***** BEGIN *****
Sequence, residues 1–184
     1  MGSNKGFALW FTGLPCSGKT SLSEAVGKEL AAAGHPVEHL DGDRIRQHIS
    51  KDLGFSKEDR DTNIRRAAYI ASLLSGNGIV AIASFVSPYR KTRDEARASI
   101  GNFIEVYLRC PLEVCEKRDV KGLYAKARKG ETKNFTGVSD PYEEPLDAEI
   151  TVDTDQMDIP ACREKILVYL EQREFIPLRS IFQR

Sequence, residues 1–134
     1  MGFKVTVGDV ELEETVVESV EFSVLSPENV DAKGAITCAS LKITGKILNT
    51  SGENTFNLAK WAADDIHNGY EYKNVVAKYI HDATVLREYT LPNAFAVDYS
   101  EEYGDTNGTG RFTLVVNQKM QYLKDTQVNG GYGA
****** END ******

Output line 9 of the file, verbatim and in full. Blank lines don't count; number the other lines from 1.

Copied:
   101  EEYGDTNGTG RFTLVVNQKM QYLKDTQVNG GYGA